Today I had to come and share one of my recent and marvelous new discoveries: cacao powder (yes, I discovered it, it was me).

Cacao powder is not the same as cocoa - it's not that tin of Nestle in your pantry that you use to make choccy cakes. Sorry.

Let's just get one thing sorted before we continue: how to pronounce cacao. *Leaves page to find out how to pronounce cacao.*

Okay everyone, it's KA COW. I was saying it wrong. *How embarrassment*

Alright, so lately I've been adding a friendly spoon of cacao to my morning smoothies. As a lover of chocolate, I feel like I'm having a treat, and my body agrees! Lately I've been thinking about redefining the word 'treat'. As far as food goes, when we traditionally think of having a treat we think: piece of cake, chocolate, dessert, take-away. But whom are you treating? It's a treat to your taste buds, fair enough, but not a treat to your internal organs or your bootay (depending on your preferences). When you eat nutritious food, your body, your internal organs (just imagine them as cartoons with big smiley faces) are screaming "THANKS FOR THE TREATS!".

Just another way to think of it.

Anyway, ka-cow powder adds an extra taste element to my smoothie and is a treat to both my taste buds AND my body (UH-HUH MOMENT ALERT!)

I'm going to borrow a couple of paragraphs from this Body + Soul article about the benefits of cacao (it basically says that raw cacao power is crazy high in antioxidants and is great for your hair, nails, healthy organs, bloodstream and mood).

Naturopath Aimee Robbins says raw, powdered cacao is full of flavonoids, which act as natural antioxidants. "Antioxidants protect the body from ageing and disease caused by free radicals. Raw cacao contains up to four times the antioxidants of traditional cacao powder, and has the highest antioxidant value of all the natural foods in the world." Scientists from Cornell University in the US recently discovered that raw cacao contains nearly twice the antioxidant content of red wine, and up to three times the antioxidant content of green tea.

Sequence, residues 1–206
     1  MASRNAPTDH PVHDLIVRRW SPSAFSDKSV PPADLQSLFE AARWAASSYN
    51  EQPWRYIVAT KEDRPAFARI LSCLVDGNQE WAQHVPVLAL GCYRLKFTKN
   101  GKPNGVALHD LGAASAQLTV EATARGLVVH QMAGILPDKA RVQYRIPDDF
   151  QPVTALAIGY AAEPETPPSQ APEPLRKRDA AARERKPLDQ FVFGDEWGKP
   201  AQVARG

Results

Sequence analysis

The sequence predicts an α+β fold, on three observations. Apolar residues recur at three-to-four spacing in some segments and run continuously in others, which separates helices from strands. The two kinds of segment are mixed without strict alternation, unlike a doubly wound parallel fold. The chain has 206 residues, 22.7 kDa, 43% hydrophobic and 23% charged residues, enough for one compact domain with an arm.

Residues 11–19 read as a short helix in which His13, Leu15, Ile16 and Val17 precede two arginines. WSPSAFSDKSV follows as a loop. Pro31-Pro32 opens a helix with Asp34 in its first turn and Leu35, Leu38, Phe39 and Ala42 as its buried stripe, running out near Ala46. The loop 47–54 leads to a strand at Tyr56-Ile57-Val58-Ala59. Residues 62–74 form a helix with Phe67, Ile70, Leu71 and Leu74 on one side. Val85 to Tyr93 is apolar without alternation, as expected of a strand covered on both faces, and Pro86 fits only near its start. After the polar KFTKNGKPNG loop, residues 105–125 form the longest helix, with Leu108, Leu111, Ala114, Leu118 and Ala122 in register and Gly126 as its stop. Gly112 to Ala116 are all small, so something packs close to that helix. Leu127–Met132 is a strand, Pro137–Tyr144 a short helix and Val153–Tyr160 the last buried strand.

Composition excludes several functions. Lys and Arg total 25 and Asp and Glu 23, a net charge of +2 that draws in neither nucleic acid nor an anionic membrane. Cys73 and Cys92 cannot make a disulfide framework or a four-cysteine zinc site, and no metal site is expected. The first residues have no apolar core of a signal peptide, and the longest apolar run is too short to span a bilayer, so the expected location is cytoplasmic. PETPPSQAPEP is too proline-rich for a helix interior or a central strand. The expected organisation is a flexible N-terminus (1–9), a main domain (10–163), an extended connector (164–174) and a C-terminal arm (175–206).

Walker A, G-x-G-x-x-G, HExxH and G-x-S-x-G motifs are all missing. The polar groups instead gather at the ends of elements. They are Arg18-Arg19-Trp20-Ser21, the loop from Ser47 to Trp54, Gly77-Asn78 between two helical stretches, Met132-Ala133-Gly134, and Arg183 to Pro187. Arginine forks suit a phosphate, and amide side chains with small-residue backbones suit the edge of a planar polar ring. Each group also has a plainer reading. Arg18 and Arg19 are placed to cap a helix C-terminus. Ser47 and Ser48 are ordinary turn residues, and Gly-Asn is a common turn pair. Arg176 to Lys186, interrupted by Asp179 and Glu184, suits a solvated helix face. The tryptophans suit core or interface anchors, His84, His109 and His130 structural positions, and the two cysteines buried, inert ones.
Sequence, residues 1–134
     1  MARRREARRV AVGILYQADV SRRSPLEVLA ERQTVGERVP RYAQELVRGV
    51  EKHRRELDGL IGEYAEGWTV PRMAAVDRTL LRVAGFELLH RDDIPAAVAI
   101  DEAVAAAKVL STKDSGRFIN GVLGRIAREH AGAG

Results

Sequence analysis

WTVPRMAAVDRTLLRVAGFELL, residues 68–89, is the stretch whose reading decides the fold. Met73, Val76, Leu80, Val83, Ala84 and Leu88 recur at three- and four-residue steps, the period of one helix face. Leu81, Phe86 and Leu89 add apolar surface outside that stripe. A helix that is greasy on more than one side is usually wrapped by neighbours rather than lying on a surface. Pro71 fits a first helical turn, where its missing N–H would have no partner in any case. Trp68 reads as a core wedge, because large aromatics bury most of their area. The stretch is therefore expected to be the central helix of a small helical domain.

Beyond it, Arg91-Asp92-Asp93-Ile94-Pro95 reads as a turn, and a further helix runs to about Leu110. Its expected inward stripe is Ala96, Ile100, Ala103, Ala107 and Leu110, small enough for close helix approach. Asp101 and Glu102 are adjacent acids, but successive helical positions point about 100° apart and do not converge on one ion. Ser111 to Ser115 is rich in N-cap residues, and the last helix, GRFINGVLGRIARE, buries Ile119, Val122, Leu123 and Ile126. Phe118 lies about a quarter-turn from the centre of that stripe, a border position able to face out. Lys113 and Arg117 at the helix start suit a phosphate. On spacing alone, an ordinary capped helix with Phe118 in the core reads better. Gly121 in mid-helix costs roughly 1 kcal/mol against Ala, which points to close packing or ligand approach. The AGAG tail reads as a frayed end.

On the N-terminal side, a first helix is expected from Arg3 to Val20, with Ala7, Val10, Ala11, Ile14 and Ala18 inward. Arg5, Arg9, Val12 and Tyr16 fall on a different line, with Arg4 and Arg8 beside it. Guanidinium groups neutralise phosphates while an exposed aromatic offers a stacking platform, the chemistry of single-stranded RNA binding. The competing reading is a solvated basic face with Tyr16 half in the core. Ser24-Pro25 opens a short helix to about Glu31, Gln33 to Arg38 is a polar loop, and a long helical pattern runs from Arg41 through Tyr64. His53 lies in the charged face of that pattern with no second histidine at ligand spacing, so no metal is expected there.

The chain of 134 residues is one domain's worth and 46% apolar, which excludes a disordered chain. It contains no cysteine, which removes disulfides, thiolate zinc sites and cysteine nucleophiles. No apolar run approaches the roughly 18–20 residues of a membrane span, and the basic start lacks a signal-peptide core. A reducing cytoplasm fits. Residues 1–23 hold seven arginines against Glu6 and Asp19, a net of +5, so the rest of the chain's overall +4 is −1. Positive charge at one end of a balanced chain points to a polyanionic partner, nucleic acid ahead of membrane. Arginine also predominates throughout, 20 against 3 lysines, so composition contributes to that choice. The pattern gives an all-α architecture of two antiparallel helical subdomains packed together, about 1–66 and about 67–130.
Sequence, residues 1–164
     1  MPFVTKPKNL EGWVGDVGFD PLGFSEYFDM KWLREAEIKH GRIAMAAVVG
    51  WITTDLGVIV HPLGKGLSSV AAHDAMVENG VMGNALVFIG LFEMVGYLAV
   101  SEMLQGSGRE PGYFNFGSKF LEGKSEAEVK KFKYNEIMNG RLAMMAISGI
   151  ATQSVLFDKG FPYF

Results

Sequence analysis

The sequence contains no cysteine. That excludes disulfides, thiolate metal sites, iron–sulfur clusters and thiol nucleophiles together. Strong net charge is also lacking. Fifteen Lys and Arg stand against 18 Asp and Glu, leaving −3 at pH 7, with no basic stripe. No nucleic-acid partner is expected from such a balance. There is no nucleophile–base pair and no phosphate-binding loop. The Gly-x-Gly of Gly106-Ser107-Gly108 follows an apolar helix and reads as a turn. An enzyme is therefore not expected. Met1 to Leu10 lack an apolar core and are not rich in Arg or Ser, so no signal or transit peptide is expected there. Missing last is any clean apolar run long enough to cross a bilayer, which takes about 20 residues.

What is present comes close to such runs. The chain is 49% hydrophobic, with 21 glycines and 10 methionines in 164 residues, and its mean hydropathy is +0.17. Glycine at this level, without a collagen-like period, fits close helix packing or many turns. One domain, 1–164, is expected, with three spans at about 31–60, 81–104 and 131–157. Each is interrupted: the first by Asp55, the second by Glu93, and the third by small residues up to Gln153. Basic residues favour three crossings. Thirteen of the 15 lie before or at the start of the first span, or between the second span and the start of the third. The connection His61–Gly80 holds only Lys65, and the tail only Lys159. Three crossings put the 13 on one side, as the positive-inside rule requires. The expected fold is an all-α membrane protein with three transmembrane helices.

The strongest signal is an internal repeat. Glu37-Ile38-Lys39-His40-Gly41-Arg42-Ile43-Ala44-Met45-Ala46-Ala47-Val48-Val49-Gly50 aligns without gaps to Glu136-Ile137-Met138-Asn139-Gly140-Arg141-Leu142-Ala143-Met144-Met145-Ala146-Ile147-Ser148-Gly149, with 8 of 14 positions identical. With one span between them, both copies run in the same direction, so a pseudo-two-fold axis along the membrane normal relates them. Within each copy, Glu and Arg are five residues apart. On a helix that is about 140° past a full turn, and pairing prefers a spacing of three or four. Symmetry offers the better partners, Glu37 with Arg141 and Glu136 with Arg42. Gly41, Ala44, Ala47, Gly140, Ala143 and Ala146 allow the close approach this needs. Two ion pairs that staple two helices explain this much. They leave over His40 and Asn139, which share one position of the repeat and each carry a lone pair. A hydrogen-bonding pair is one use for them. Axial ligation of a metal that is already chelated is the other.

The cacao bean is also rich in magnesium, an energy mineral and vital electrolyte. This super-food is also a good source of sulfur. Sulfur is associated with strong nails, shiny hair and a healthy liver and pancreas. Medical herbalist Dominique Finney says the flavonoids in cacao prevent fat-like substances in the bloodstream from oxidising and clogging the arteries. "Cacao has also been found to help regulate blood pressure and reduce cholesterol while building the immune system."
...Raw cocoa is an aphrodisiac because it contains anandamide, a substance that induces euphoria. It also contains phenylethylamine (PEA), which is a mood enhancer. While this super-molecule exists naturally in the brain, the only other food that contains PEA is blue-green algae. 
Shiny hair AND happy organs? I can tell you're sold, now where do you get it?